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Power and Energy Basics

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Presentation on theme: "Power and Energy Basics"— Presentation transcript:

1 Power and Energy Basics

2 Chapter Outline Metrics Dynamic power Static power Energy-delay trade-off’s

3 Metrics Delay (sec): Energy (Joule) Power (Watt) Power*Delay (Joule)
Performance metric Energy (Joule) Efficiency metric: effort to perform a task Power (Watt) Energy consumed per unit time Power*Delay (Joule) Mostly a technology parameter – measures the efficiency of performing an operation in a given technology Energy*Delay = Power*Delay2 (Joule-sec) Combined performance and energy metric – figure of merit of design style Other Metrics: Energy-Delayn (Joule-secn) Increased weight on performance over energy

4 Where is Power Dissipated in CMOS?
Active (Dynamic) power (Dis)charging capacitors Short-circuit power Both pull-up and pull-down on during transition Static (leakage) power Transistors are imperfect switches Static currents Biasing currents

5 Active (or Dynamic) Power
Key property of active power: with f the switching frequency Sources: Charging and discharging capacitors Temporary glitches (dynamic hazards) Short-circuit currents

6 Charging Capacitors Applying a voltage step R V C
Value of R does not impact energy!

7 Applied to Complementary CMOS Gate
V dd PMOS i L A NETWORK 1 V out A N C NMOS L NETWORK One half of the power from the supply is consumed in the pull-up network and one half is stored on CL Charge from CL is dumped during the 10 transition Independent of resistance of charging/discharging network

8 Circuits with Reduced Swing
Energy consumed is proportional to output swing

9 Charging Capacitors - Revisited
Driving from a constant current source R I C Energy dissipated in resistor can be reduced by increasing charging time T (that is, decreasing I)

10 Charging Capacitors Using constant voltage or current driver?
Econstant_current < Econstant_voltage if T > 2RC Energy dissipated using constant current charging can be made arbitrarily small at the expense of delay: Adiabatic charging Note: tp(RC) = 0.69 RC t0→90%(RC) = 2.3 RC

11 Charging Capacitors Driving using a sine wave (e.g. from resonant circuit) R v(t) C Energy dissipated in resistor can be made arbitrarily small if frequency w << 1/RC (output signal in phase with input sinusoid)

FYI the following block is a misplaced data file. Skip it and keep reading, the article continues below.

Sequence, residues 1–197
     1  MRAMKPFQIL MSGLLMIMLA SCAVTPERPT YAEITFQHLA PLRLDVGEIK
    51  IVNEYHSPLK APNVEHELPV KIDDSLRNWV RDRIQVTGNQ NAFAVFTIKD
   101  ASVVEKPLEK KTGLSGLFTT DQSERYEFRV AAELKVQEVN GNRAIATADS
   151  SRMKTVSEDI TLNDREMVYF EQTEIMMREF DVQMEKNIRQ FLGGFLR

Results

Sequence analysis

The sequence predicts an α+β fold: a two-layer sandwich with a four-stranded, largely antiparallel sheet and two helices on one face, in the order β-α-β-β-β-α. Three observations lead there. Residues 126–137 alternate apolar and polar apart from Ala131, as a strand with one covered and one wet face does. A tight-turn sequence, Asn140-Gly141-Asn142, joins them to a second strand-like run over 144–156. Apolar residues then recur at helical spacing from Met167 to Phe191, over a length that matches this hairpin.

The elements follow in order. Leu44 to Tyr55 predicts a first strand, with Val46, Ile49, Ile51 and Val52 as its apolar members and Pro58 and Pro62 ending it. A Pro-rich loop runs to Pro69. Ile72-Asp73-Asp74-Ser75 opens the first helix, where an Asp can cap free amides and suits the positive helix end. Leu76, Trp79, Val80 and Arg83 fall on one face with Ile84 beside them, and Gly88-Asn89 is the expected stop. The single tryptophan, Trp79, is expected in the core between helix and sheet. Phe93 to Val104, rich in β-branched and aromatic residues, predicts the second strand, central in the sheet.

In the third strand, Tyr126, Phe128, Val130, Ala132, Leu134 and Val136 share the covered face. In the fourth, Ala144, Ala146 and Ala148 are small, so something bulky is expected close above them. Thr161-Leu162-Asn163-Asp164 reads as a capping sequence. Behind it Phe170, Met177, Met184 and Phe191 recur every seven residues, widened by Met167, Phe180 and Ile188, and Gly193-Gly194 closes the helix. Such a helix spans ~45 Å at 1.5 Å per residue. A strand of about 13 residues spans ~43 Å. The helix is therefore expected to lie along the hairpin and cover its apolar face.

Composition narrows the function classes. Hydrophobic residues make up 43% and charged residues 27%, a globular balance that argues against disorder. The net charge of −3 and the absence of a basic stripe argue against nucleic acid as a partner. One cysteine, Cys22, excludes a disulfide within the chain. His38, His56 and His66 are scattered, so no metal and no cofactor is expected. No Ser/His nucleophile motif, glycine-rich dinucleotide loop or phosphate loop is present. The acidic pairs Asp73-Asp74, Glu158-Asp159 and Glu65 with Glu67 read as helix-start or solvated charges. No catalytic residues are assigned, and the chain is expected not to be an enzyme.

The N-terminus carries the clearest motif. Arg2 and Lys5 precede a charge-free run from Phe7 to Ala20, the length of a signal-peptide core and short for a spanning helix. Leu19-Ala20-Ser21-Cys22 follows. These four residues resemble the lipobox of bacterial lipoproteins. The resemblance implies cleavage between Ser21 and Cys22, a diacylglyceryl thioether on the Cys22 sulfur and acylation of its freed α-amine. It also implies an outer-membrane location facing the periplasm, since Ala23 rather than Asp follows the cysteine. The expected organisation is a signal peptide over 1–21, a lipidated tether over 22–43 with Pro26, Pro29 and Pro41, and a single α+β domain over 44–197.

12 Dynamic Power Consumption
Power = Energy/transition • Transition rate = CLVDD2 • f01 = CLVDD2 • f • P01 = CswitchedVDD2 • f Power dissipation is data dependent – depends on the switching probability Switched capacitance Cswitched = P01CL= a CL (a is called the switching activity)

13 Impact of Logic Function
Example: Static 2-input NOR gate Assume signal probabilities pA=1 = 1/2 pB=1 = 1/2 A B Out 1 Then transition probability p01 = pOut=0 x pOut=1 = 3/4 x 1/4 = 3/16 If inputs switch every cycle aNOR = 3/16 NAND gate yields similar result

14 Impact of Logic Function
Example: Static 2-input XOR Gate Assume signal probabilities pA=1 = 1/2 pB=1 = 1/2 A B Out 1 Then transition probability p01 = pOut=0 x pOut=1 = 1/2 x 1/2 = 1/4 Assumes inputs of 0 and 1 are equally likely. For dynamic gates, the activity depends only on the signal probability - while for the static case the transition probability depends on the previous state. Remember for static NOR gate P0->1 = 3/16 If inputs switch in every cycle P01 = 1/4

15 Transition Probabilities for Basic Gates
As a function of the input probabilities p01 AND (1 - pApB)pApB OR (1 - pA)(1 - pB)(1 - (1 - pA)(1 - pB)) XOR (1 - (pA +pB – 2pApB))(pA + pB – 2pApB) Activity for static CMOS gates a = p0p1

16 Activity as a Function of Topology
XOR versus NAND/NOR XOR NAND/NOR aNOR,NAND = (2N-1)/22N aXOR = 1/4

17 How about Dynamic Logic?
VDD Eval Precharge Energy dissipated when effective output is zero! or P0→1 = P0 Always larger than P0P1! E.g. P0→1(NAND) = 1/2N ; P0→1(NOR) = (2N-1)/2N Activity in dynamic circuits hence always higher than static. But … capacitance most often smaller.

18 Transition probability is 1!
Differential Logic? VDD Static: Activity is doubled Dynamic: Transition probability is 1! Out Out Gate Hence: power always increases.

19 Evaluating Power Dissipation of Complex Logic
Simple idea: start from inputs and propagate signal probabilities to outputs P1 But: Reconvergent fanout Feedback and temporal/spatial correlations

20 Reconvergent Fanout (Spatial Correlation)
Inputs to gate can be interdependent (correlated) reconvergence no reconvergence reconvergent PZ = 1-(1-PA)PB PZ = 1-(1-PA)PA ? NO! PZ = 1 PZ: probability that Z=1 Must use conditional probabilities PZ = 1- PA . P(X|A) = 1 probability that X=1 given that A=1 Becomes complex and intractable real fast

21 Temporal Correlations
Feedback Temporal correlation in input streams R Logic X Both streams have same P = 1 but different switching statistics X is a function of itself → correlated in time Activity estimation the hardest part of power analysis Typically done through simulation with actual input vectors (see later)

22 Glitching in Static CMOS
Analysis so far did not include timing effects ABC 101 000 X Glitch Z Gate Delay Also known as dynamic hazards: “A single input change causing multiple changes in the output” The result is correct, but extra power is dissipated

23 Example: Chain of NAND Gates
1 Out 2 3 4 5 200 400 600 0.0 1.0 2.0 3.0 Time (ps) 8 6 7 Voltage (V)

24 What Causes Glitches? A,B A,B C,D X Y Z C,D X Y Z Uneven arrival times of input signals of gate due to unbalanced delay paths Solution: balancing delay paths!

25 Short-Circuit Currents
(also called crowbar currents) PMOS and NMOS simultaneously on during transition Psc ~ f

26 Short-Circuit Currents